Respiratory changes in arterial pulse pressure and fluid responsiveness in spontaneously breathing patients
© BioMed Central Ltd 2005
Published: 7 March 2005
We investigated whether the respiratory changes in arterial pulse pressure (ΔPP), an accurate indicator during mechanical ventilation (MV), and in arterial systolic pressure (ΔPS), easy to calculate, could predict fluid responsiveness in spontaneously breathing patients. The respiratory changes in intrathoracic pressure during spontaneous breathing, reversed compared with MV, could be insufficient to modify loading conditions of ventricles. We thus also tested those indicators during a forced respiratory cycle.
We prospectively studied 32 spontaneously breathing ICU patients (mean age: 61 ± 13 years) with clinical signs justifying volume expansion (VE). Hemodynamic measurements were performed during quiet respiration and during a forced respiratory effort (f) at baseline and immediately after a 500 ml 6% hydroxyethylstarch VE. Patients were then separated into responders (R) (increase in stroke volume [SV] assessed by transthoracic echocardiography = 15% after VE) and nonresponders (NR).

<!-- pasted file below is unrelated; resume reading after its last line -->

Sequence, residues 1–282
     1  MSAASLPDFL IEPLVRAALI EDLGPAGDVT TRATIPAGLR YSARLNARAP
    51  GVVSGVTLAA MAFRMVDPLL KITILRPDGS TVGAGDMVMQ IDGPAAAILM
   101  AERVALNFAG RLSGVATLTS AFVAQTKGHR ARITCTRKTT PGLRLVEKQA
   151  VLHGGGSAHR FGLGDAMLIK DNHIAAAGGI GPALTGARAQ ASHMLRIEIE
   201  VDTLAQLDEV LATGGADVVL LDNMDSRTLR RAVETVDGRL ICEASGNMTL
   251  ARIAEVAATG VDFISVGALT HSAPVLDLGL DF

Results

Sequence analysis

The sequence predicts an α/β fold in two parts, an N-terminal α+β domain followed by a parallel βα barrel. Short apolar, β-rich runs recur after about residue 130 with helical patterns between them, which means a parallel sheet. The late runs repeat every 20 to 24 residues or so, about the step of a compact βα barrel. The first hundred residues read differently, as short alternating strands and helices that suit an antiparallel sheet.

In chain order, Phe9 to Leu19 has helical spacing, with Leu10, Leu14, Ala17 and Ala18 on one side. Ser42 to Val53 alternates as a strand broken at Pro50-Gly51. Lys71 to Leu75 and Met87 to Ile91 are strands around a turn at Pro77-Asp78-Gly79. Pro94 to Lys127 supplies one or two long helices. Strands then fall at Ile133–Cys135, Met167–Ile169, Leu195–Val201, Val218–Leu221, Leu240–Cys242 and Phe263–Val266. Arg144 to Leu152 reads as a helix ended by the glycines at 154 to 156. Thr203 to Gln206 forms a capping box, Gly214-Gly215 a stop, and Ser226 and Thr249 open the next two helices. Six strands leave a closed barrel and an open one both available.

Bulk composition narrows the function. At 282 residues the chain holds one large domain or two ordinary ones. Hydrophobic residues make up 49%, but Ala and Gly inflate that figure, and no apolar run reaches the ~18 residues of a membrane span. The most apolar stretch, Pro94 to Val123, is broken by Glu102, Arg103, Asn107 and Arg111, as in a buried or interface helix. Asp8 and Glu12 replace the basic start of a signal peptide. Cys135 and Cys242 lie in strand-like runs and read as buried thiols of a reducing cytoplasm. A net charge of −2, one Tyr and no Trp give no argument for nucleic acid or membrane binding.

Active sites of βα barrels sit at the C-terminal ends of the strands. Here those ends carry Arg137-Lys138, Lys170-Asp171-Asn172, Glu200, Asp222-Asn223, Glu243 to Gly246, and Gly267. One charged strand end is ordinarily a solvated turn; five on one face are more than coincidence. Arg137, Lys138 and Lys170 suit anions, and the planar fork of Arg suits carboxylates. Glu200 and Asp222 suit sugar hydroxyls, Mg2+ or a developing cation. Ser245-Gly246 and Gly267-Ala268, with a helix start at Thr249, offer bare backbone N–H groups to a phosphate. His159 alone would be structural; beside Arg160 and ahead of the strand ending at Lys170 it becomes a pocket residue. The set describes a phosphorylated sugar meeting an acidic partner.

Before VE, ΔPP (13 ± 5% vs 7 ± 3%, P = 0.003) and ΔPS (10 ± 4% vs 6 ± 3%, P = 0.002) were higher in R (n = 19) than in NR (n = 13). Receiver operating characteristic (ROC) curve analysis showed that the forced respiratory effort did not sensitize the method (ΔPP f = 0.72 ± 0.09 vs ΔPP = 0.82 ± 0.08, P = 0.048 and ΔPS f = 0.69 ± 0.10 vs ΔPS = 0.82 ± 0.08, P = 0.045). No statistical difference was observed between ΔPP and ΔPS ROC curves areas (0.81 ± 0.08 vs 0.82 ± 0.08, P = 0.888). Using a threshold ΔPP baseline value of 12%, R and NR were discriminated with 93% of specificity and 63% of sensitivity. No relation was observed between ΔPP and ΔPS baseline value and the increase of stoke volume during VE (r = 0.5, P = 0.058 for ΔPP).
In spontaneous breathing patients, ΔPP = 12% predicts an increase in SV with high probability (92%) without prejudging the importance of this increase. On the contrary, ΔPP <12% does not allow one to predict fluid responsiveness.